2012 MINI COUPE AND ROADSTER REVIEW
How mad is this? The Mini John Cooper Works Coupe. And what about the stumpy, runted Roadster? Both are as in-your-face as a Liverpool kiss.
And both are kind-of berserk: anti-establishment bad-boys with a raw and uncompromising charm.
From the belt-line up, the Coupe looks like it was designed by the company space-cadet. It has a roof, a sort-of roof... a semi-roof-thing that fits like a Bondi lifesaver’s cap.
And there's a spoiler built into it - and another one on the boot - because at warp-speed they're useful. Or maybe they just look good.
The Roadster also has an active spoiler but doesn't have a roof. It has a snug fabric top that folds easily away in seconds.
But, impossibly short and brattish, and, like the Coupe, riotously quick, it makes no concessions to sensible motoring.
Weird then that they were designed in Germany, by a very solid German chap no doubt, and products of conventional, careful, uber-aspirational BMW.
We put both the Mini John Cooper Works Coupe (and you have to be severely dyslexic to be comfortable with that mouthful) and the Cooper S Roadster - Mini's "first ever" two seaters - under the addled TMR-eye at their Australian launch.
And, we might be drunk, we might wake up more sensible tomorrow, but we’re hooked - how, tell me, how could you not love these pocket-sized twins?
If the Elvis Chapel was nearby, and if I was a chick, I’d marry one of them right now. Coupe..? Roadster..? (Dang, it has to be the Roadster; cuter bum.)
Yes, there it is: that giant speedo that hangs off the centre of the dash like a calibrated pizza tray. It dominates the interior and God alone knows why Mini is persisting with it.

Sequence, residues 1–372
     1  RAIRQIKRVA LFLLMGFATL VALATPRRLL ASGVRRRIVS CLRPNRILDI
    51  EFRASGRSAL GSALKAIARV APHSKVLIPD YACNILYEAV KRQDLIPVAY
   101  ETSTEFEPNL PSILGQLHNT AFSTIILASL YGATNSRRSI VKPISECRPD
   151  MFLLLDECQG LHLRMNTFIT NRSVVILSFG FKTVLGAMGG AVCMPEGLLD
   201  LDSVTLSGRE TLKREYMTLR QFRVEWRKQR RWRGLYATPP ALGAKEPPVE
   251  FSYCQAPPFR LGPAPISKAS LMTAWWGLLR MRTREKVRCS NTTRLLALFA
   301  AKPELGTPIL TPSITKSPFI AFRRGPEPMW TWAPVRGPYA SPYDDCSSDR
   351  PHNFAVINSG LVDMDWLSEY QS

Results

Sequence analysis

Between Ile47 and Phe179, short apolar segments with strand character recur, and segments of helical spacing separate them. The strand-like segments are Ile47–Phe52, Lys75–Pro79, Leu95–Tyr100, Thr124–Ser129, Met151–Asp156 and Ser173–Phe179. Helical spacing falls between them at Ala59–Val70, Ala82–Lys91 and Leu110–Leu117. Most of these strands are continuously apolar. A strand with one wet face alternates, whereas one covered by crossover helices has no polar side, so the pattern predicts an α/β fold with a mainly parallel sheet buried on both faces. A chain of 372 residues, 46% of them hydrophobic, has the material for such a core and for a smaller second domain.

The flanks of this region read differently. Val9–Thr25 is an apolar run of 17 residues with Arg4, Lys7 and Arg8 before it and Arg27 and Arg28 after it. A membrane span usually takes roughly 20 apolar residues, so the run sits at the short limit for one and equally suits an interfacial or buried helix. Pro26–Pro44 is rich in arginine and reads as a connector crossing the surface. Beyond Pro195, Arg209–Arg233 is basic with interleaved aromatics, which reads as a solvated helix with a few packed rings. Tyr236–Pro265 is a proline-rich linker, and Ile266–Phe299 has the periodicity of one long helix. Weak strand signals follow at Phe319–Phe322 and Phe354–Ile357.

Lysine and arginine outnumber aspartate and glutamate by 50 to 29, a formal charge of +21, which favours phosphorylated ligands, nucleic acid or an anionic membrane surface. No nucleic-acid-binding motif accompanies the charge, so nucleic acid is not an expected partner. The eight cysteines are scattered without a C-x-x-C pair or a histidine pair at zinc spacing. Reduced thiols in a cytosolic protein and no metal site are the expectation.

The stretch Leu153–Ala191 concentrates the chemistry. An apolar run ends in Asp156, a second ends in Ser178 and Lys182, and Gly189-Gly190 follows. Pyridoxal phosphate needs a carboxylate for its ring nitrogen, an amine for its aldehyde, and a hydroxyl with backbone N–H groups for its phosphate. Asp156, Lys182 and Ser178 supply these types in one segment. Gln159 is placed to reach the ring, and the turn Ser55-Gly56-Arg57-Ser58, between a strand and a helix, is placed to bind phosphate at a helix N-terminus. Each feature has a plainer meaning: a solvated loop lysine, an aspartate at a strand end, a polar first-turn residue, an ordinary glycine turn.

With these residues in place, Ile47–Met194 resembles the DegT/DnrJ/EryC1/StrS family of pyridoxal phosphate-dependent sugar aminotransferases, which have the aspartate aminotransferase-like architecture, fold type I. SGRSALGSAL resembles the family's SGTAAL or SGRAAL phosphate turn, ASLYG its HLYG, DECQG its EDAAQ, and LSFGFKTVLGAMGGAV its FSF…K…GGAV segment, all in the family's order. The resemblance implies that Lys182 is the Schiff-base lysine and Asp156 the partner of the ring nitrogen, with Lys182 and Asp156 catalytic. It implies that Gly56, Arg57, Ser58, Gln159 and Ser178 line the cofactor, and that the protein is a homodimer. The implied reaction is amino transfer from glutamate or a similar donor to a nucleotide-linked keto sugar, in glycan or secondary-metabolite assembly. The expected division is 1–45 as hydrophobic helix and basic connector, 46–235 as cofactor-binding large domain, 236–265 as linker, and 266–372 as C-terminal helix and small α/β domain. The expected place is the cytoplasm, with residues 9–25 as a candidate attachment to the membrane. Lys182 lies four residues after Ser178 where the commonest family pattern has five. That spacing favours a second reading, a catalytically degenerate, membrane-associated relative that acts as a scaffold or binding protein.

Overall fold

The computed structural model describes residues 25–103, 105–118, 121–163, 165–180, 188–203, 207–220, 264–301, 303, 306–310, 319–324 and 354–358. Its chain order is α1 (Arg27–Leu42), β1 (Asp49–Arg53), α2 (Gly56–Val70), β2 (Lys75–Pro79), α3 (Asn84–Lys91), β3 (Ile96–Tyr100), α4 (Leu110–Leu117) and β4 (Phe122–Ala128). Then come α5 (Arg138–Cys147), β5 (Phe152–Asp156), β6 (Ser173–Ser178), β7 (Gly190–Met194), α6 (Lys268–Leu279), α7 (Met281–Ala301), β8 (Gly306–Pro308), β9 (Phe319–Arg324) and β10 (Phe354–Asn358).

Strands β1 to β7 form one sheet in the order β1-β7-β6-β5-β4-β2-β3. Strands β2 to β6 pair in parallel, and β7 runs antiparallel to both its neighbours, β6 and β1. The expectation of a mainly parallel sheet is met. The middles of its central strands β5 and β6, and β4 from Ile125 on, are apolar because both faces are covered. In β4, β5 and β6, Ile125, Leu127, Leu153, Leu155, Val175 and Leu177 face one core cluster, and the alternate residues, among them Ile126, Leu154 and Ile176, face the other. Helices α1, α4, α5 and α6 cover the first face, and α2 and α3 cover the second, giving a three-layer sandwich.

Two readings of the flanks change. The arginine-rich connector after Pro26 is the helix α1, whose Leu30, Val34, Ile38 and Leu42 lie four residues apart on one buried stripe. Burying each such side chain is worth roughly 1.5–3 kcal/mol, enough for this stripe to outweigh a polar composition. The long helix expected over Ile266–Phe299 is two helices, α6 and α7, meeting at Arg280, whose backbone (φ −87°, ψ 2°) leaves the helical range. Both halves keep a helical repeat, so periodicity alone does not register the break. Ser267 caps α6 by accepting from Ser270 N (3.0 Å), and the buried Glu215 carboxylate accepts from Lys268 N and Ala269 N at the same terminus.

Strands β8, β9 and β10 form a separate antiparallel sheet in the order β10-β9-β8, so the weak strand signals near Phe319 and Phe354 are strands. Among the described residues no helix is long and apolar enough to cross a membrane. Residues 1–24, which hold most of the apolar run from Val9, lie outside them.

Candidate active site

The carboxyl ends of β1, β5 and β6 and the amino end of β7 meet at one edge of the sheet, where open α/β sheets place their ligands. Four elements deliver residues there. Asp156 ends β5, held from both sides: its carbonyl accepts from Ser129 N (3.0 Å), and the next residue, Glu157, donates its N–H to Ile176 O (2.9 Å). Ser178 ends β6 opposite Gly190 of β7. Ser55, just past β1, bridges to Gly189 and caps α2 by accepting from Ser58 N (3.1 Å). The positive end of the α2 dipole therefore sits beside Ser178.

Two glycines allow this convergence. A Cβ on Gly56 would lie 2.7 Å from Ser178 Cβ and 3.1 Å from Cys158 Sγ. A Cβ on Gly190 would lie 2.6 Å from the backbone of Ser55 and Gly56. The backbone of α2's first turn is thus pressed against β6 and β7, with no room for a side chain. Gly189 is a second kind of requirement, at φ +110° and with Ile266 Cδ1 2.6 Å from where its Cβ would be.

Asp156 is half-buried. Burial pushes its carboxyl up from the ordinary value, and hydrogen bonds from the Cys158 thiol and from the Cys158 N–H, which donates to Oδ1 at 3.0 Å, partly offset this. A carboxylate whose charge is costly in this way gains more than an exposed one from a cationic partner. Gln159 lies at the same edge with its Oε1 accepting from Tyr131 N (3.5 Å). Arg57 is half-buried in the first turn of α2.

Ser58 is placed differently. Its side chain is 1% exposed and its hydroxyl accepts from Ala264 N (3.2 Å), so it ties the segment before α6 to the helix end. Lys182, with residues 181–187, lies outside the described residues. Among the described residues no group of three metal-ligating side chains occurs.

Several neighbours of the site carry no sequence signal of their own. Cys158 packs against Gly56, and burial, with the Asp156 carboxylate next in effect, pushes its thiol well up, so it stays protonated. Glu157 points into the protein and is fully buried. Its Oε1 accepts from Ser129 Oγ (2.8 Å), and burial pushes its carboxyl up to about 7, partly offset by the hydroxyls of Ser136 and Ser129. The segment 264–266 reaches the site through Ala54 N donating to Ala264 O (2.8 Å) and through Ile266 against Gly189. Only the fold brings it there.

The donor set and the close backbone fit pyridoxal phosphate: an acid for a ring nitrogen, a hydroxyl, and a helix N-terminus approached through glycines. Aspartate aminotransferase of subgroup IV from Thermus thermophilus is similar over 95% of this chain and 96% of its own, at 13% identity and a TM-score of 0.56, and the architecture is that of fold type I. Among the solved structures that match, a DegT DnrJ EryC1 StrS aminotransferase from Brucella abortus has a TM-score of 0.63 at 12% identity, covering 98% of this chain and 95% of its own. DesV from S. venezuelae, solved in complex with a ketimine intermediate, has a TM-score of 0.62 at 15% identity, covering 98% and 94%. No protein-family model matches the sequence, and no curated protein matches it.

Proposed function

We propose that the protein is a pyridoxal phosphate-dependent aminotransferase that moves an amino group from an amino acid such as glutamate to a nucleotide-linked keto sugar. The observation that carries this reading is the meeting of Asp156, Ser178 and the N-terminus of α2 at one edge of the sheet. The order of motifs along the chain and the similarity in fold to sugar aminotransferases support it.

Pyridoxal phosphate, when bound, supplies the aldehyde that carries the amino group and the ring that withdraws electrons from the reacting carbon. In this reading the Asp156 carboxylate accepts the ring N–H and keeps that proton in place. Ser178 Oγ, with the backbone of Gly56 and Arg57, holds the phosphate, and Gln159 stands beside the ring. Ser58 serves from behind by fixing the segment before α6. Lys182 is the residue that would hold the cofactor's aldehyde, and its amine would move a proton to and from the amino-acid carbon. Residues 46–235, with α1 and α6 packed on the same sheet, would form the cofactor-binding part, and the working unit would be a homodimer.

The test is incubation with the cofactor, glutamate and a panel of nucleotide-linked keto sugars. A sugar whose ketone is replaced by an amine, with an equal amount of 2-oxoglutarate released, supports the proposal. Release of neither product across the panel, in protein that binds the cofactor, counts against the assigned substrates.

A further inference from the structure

With the optional sat nav, its centre becomes a large display, but then it's almost useless as a speedo because there's too much detail for creaky eyes to absorb.
Everything else - the switchgear, centrestack, sporty steering wheel and instruments - is equally familiar and, thankfully, much easier to live with.
Coupe and Roadster: each is Mini through and through.
The layout (aside from the speedo) is good, and while the plastics are a bit, well, plasticky, it’s beautifully trimmed, well put-together and a nice place to spend some time - especially if you crank up the optional ten-speaker Harman Kardon premium audio.
No change here then to that wonderful Mini build quality.
But peer ahead, then left and right through the side windows, and you’ll notice a change. The windows are tiny: in both Coupe and Roadster there's a beetle-browed feeling at the wheel.
Compared to the Mini Hatch, the roofline is 29mm lower in the Coupe, 21mm lower in the Roadster. The compactness to the interior is further accentuated by the sloping windscreen, which is canted 13-degrees rearward.
In the Roadster, open-air motoring is at the fingertips. The roof is easily unclipped and lowered from behind the wheel. It tucks neatly behind without encroaching into bootspace the way a folding tin-top does.
Top down, with that neat curved little tail, short raked screen and stainless roll-bars, it looks fabulous.
Seats too in both Coupe and Roadster are comfortable, nicely shaped and beautifully trimmed. The JCW versions get very soft and supple leather and smart contrasted piping.
There's no rear seat (a handy storage area instead); both are strictly two seaters.
But while compact and enclosed - tiny really - from the wheel and the passenger seat, there's an arty premium feel to the interior and plenty of room for long legs (I borrowed some to check).
There's also little missing from the feature list - especially the more expensive JCW models.
Standard are electrically adjustable exterior mirrors, park distance warning, height-adjustable seats, automatic climate control, Bluetooth hands-free functionality with USB audio interface and MP3-compatible CD player plus aux-in connection.
The boot in each isn't as tight as you might expect. It's quite a bit bigger than the boot in the Hatch.
The Coupe's wide-opening hatch exposes 280 litres of boot-space. There's even more behind the front seats, with a couple of neat moulded cubbies for bags, shopping and stuff.